By Ruchi Malviya
“From the stables of a company that gave you Mario and low grades, is yet another gadget that has complete potential to ruin your annual appraisal. It is called the Nintendo 3DS. It doesn’t require you to look like a moron with 3D glasses”, I said to Arvind, sitting on his lawn.
Suddenly Subhash moved out of his chair and turned to snatch the gadget from my hand, replying to which I pushed him and he collapsed on the ground. He made an energetic kick to my right leg and punched me in the chest so wildly that I didn’t understand whether he was playing a game or punishing me for something wrong. Meanwhile, Arvind seized a bamboo and threw it at me. The two friends, laughing, bumping together, threw everything at me. After being hit by pebbles and lumps of mud, I was getting scared. Overwhelmed, I dodged to and fro, shouting hysterically in desperate submission.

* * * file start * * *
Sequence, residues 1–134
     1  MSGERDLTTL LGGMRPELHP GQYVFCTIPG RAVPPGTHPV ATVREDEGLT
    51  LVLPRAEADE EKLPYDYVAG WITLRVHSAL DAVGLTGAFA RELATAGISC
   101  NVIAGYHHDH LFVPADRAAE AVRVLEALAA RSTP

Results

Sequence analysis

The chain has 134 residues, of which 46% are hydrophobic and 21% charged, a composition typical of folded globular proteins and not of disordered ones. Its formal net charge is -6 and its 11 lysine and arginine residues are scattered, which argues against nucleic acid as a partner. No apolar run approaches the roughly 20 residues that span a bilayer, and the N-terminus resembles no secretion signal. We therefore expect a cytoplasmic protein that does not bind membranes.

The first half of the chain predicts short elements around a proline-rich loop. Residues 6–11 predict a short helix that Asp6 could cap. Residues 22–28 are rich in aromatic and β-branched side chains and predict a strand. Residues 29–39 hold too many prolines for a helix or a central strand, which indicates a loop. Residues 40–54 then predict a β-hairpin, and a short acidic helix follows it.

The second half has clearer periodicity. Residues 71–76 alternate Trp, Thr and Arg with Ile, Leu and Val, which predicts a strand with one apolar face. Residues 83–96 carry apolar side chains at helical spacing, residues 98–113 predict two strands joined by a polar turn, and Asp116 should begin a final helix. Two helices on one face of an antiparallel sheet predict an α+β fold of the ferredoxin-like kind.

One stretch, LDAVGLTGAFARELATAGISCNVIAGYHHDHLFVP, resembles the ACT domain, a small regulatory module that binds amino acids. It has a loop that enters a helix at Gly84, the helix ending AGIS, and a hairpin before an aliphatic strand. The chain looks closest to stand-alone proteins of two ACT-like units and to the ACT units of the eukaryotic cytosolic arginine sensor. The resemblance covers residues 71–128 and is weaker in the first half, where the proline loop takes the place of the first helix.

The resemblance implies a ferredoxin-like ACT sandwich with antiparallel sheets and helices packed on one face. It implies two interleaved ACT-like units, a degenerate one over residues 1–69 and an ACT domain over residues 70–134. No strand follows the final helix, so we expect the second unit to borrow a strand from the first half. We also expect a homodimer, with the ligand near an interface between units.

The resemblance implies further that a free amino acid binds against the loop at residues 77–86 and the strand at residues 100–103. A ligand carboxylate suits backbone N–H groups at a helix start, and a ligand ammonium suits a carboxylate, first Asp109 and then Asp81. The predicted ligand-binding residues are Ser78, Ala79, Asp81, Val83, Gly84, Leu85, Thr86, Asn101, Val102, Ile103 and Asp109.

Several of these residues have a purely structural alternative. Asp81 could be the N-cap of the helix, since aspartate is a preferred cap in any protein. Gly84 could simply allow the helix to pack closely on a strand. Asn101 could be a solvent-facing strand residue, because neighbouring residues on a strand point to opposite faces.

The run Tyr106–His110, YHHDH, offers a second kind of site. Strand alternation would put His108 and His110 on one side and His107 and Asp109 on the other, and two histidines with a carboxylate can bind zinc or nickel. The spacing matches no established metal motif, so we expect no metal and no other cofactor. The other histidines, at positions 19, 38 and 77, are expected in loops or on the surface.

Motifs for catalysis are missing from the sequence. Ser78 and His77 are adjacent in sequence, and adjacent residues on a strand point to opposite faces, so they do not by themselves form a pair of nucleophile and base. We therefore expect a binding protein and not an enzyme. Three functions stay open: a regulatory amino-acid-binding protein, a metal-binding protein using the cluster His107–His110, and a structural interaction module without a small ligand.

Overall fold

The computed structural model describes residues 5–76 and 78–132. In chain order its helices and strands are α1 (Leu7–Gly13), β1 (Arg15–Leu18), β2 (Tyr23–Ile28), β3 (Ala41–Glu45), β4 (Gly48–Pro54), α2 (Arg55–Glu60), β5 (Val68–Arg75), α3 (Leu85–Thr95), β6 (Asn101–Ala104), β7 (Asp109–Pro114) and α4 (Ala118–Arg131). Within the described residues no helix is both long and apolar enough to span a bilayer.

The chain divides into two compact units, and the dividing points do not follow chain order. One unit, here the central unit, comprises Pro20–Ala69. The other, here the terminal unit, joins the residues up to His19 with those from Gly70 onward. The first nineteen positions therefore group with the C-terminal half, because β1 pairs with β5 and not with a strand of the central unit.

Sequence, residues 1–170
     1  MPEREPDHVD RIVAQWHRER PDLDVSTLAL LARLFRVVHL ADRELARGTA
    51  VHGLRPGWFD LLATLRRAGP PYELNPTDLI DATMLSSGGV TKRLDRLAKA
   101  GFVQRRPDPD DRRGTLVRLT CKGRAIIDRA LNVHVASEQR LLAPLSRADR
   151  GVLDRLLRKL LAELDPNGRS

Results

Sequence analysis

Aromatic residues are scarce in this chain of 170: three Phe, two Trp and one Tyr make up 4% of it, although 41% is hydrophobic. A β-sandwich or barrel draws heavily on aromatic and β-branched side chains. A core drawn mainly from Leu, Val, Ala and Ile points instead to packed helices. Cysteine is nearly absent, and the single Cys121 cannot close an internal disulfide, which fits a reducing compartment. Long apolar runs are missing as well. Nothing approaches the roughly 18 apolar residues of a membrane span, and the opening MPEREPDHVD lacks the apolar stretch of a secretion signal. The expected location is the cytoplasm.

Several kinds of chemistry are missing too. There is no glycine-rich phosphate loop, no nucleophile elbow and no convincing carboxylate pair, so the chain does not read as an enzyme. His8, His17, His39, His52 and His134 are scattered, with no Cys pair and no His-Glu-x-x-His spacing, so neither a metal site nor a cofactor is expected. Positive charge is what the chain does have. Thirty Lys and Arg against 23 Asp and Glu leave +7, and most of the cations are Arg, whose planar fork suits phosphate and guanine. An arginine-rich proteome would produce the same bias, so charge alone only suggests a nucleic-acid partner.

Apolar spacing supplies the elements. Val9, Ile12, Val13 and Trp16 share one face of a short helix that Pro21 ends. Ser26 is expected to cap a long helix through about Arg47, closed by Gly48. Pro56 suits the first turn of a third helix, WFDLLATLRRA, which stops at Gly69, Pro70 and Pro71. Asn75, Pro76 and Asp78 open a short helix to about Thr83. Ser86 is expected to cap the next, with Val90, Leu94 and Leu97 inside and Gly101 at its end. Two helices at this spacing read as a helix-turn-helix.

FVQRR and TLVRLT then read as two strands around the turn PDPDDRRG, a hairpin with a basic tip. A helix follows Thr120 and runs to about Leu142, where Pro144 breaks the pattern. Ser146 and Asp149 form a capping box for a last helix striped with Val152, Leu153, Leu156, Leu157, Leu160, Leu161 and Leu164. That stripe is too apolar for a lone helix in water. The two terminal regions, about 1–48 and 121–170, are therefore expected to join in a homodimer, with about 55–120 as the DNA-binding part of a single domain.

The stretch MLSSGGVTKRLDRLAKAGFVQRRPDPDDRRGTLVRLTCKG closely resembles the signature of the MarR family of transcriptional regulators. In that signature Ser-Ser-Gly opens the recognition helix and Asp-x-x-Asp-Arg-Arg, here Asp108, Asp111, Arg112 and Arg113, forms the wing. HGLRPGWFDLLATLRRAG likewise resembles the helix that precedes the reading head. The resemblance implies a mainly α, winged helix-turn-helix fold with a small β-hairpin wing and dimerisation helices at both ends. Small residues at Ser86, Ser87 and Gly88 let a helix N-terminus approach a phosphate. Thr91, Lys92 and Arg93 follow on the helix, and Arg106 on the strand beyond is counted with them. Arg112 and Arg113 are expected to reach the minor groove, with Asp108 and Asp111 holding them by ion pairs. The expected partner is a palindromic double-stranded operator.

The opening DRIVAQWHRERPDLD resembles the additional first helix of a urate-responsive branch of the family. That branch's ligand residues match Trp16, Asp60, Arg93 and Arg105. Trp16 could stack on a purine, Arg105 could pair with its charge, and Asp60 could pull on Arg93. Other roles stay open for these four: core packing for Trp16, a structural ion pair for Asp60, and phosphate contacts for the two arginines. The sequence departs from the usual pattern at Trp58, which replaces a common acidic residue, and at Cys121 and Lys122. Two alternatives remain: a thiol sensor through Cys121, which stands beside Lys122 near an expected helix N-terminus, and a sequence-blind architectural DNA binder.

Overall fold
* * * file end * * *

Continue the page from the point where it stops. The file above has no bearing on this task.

I was quite shocked seeing them go barbaric. Then again laughing with gusto, Subhash rushed at me with the rake pointed as a lance. Though he refrained himself at a distance, the rake came close enough and the skin beneath my jaw was slightly cut, and a bit of blood oozed out.
Suddenly all that remained was silence. The two friends rushed inside to get the first-aid box. They washed the cut, cleaned it with Dettol and stuck a piece of plaster. I was silent, rather still in the moment when Subhash’s face was confronting me – crazy and murderous. It seemed that he really wanted to hurt me, as if he hated me! The affection was absent and something new had broken into our friendship. And this new thing was, indeed, brutal and primitive.
I reflected over the change when the “post war” talk was going on, but was much upset inside. I wanted to steal away so I said, “Hey! I gotta class”. Both of them waved goodbye.
Sitting on my bike as I turned on the ignition, I heard footsteps and turned. It was Subhash. “Brother, see you at seven!”, he said and saw my cut. “Sorry man!”. Saying this he rushed back inside. While riding back home I realized that is wasn’t a game. My friends were growing up…and so was I.